With a new 70,000 sq.ft. headquarters in New Jersey's Meadowlands, Masque Sound has increased its capacity for technical support, networking, and wireless system design and fabrication. The new facility will also house the newly created Masque Entertainment, which will provide a comprehensive DVD production service for the company's live concert and corporate client base. Award-winning director Gerard Schmidt has been named executive producer/managing director. Schmidt's credentials include projects for the Rolling Stones, Beastie Boys, Elvis Costello, and Def Leppard.
The new headquarters and the creation of Masque Entertainment also exemplify what Masque Sound has been doing for much of its 67-year history: expanding. But these expansions are certainly not done on a whim; they are well thought out by the company's co-principals and vice presidents James and Geoff Shearing. “Moving into a new area of expertise is predicated on whether or not you have the resources to make that next step,” Geoff says. “There's a lot of opportunity out there and we're in a unique position on the front lines to watch the industry grow and develop as well as see new technologies emerge. We're also in a unique place because sound is a very technical field and we're seeing a lot of technologies develop.” He added that it is equally important to listen to what customers are asking for to see what type of market needs could develop.
“We'd been searching for a new way to generate revenue without such a huge capital investment,” James says of Masque Entertainment. “So we looked in the area of video, not from a technological side but more as an art form. We have a resident video artist here — Lucas Corrubia — who handles our rock-and-roll business, Masque Live. The beautiful thing about the DVD business is that it costs us relatively little to produce because it's coming from a person; it's intellectual property. Also, it's a way to balance out our economic equation.”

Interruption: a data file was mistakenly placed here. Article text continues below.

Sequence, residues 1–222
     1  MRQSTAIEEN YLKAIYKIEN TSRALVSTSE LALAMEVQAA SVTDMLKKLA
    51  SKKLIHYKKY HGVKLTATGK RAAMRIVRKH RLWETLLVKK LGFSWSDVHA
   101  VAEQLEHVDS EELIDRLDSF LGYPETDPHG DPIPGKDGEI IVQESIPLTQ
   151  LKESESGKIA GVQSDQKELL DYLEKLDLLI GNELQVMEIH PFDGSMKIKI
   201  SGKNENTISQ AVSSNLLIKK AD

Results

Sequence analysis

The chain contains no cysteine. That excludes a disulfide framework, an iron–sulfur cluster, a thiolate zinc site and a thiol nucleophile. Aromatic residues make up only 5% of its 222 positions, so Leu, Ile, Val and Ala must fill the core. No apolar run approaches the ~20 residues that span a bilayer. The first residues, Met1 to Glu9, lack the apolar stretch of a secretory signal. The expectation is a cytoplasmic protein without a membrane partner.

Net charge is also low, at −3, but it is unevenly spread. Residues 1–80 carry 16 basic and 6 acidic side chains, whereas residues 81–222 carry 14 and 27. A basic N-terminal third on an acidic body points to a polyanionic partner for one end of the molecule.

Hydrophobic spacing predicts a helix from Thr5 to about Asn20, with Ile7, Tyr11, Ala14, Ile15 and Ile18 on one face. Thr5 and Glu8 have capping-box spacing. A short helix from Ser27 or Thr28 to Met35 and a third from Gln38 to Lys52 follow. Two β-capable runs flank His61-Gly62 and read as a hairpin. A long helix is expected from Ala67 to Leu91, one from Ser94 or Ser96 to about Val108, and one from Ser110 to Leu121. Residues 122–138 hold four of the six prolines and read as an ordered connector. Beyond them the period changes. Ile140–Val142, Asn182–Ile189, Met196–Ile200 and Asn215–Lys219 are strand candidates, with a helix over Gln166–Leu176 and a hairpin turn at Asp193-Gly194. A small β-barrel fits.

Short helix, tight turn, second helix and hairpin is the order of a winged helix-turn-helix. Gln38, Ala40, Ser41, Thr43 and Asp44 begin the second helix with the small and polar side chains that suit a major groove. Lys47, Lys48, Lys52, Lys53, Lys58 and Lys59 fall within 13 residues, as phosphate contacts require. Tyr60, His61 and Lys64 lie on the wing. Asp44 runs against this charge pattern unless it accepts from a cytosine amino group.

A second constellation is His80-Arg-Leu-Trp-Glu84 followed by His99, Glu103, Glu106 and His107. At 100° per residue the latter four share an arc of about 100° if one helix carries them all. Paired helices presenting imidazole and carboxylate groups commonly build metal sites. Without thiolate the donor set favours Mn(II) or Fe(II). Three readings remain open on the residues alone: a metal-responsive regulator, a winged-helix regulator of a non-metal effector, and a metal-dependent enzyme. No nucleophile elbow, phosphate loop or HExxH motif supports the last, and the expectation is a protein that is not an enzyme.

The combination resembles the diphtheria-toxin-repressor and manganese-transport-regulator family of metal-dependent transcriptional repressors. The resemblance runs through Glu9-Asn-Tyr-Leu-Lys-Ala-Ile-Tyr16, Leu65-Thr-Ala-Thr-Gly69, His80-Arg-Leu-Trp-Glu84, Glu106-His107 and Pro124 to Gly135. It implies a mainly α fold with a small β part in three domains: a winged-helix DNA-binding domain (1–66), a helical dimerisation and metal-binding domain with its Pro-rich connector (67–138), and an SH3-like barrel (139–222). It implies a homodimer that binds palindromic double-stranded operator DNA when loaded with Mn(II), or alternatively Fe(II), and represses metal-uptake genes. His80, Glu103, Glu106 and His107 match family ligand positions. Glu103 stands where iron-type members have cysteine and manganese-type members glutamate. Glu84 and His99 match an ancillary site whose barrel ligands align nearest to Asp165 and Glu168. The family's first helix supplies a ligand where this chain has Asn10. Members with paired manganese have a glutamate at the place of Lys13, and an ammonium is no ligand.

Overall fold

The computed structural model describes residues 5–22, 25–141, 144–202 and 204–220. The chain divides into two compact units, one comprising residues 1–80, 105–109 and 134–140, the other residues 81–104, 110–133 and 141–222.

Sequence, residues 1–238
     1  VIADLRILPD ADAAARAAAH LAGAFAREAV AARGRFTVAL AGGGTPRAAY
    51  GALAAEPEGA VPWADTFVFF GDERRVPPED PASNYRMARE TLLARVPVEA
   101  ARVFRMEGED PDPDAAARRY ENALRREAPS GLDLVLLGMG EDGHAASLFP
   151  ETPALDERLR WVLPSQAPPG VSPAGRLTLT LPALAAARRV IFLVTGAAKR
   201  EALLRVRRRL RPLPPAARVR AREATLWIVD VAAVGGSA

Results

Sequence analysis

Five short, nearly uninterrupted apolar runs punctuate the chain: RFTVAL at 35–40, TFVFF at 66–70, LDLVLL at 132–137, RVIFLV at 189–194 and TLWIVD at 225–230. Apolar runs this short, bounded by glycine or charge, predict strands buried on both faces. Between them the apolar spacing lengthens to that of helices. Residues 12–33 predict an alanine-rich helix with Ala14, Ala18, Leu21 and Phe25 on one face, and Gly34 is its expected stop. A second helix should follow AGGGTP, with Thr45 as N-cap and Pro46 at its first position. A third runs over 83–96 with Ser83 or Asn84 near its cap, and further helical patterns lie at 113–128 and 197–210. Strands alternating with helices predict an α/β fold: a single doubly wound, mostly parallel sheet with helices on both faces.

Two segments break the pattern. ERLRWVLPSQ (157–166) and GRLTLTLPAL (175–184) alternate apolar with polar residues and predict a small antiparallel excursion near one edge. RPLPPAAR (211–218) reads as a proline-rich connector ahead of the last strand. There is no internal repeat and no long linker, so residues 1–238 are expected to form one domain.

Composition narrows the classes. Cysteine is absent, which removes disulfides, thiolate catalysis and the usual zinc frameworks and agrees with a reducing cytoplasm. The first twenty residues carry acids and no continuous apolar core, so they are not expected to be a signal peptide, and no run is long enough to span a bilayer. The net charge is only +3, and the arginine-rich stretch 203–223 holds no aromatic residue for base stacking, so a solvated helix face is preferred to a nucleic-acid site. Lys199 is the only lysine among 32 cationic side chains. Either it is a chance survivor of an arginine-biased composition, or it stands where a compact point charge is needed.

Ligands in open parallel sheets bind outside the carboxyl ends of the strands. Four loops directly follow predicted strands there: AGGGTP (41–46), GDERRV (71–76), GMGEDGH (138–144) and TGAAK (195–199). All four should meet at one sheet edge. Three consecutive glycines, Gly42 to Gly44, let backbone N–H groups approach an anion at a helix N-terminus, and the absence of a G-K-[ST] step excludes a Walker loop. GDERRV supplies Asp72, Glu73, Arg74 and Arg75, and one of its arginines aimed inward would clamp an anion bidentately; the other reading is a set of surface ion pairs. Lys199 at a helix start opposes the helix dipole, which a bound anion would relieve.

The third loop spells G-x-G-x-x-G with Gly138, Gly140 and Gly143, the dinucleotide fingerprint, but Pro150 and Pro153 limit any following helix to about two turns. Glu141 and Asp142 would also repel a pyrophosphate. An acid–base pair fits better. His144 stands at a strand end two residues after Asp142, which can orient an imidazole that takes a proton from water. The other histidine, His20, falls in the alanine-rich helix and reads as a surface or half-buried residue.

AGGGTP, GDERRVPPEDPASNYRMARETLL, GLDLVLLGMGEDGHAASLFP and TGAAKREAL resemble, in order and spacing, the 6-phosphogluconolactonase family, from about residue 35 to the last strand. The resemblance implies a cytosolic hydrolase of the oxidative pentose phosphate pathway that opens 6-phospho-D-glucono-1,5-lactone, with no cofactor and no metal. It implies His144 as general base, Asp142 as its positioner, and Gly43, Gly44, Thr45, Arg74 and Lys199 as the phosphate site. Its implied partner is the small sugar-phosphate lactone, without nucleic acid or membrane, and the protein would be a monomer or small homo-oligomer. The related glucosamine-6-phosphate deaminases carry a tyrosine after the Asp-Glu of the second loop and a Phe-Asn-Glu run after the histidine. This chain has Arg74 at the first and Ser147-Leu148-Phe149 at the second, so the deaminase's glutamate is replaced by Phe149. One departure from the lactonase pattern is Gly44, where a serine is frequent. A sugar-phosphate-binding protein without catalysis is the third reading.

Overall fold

The new division also fits into the company's philosophy of good customer service. “We're still just a rental house at heart,” Geoff says. “We're trying to become more of a service-oriented business and that's why our customers continue to call us: our superlative service as well as our ability to bring new things to the table. We try to be a solution provider and the DVD aspect falls into that goal quite nicely.”
It is also hoped that the new DVD service can help Masque's customers entice more concert goers to get out and see a show, especially considering how much the touring industry has been hurting in recent months. “This is a way for us to bring something better to the marketplace,” James says. “If we can bring extra capital to the table by saying ‘Here's a new revenue stream’ [to our customers] then obviously that's a no-brainer.”
Whether an idea to expand is successful is wholly based on an existing market for the service or product, which, as Geoff points out, is just “good common business sense. This company started out as a niche business by doing only Broadway audio but we've done a ton of other things since then. We looked for an underserved market and found people who wished that a [DVD production] service existed. I am constantly looking for new niche opportunities.”
After being continually frustrated by annual cable/wiring bills of half a million dollars or more, the Shearings decided it was time to go into the manufacturing realm. “A lot of companies in the audio world, buy equipment from manufacturers and and assemble it themselves,” James explains. “But we've found situations where we needed specific kinds of technology; cables, small consoles, RF antennas, and other proprietary products that were unavailable from the traditional manufacturers. Because we had the engineering talent in house and knew exactly what we wanted this new technology to do, we decided to manufacture some of it ourselves. We developed products to serve our clients' needs and discovered there is a real market for them. This has proven to be a win-win situation for everyone.”
Masque Sound is further supported by a Manhattan-based Recording Studio, located in the heart of the Theatre District and a technical facility in Orlando, FL.